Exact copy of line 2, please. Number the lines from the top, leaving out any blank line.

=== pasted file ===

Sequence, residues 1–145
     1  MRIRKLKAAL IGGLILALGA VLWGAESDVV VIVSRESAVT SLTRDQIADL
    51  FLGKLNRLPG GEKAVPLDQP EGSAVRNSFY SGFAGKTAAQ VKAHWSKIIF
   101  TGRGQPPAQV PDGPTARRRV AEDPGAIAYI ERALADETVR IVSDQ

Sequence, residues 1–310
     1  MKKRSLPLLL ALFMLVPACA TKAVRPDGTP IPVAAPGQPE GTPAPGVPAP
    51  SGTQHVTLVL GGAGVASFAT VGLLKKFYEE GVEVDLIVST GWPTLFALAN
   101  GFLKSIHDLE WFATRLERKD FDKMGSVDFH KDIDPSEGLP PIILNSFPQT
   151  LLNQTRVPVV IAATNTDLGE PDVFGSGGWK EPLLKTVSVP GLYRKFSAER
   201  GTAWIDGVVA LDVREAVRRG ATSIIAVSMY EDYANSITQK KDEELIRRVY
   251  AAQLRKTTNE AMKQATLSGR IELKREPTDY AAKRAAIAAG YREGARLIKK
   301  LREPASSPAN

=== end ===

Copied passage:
     1  MRIRKLKAAL IGGLILALGA VLWGAESDVV VIVSRESAVT SLTRDQIADL